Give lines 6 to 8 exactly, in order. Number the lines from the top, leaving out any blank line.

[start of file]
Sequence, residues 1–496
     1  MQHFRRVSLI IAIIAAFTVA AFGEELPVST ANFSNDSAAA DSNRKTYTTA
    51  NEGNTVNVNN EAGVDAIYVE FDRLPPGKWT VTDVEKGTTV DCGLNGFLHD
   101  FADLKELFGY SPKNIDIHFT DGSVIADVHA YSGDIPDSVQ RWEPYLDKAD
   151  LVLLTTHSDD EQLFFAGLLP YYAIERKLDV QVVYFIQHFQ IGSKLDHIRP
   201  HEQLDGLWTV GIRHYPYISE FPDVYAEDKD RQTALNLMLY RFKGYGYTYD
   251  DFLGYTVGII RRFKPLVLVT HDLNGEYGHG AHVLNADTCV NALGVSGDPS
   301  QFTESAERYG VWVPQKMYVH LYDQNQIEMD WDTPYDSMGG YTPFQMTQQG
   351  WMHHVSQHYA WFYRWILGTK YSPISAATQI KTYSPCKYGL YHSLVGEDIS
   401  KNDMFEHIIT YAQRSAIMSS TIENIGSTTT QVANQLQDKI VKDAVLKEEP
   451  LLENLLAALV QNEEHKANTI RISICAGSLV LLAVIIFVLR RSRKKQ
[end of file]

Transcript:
   201  HEQLDGLWTV GIRHYPYISE FPDVYAEDKD RQTALNLMLY RFKGYGYTYD
   251  DFLGYTVGII RRFKPLVLVT HDLNGEYGHG AHVLNADTCV NALGVSGDPS
   301  QFTESAERYG VWVPQKMYVH LYDQNQIEMD WDTPYDSMGG YTPFQMTQQG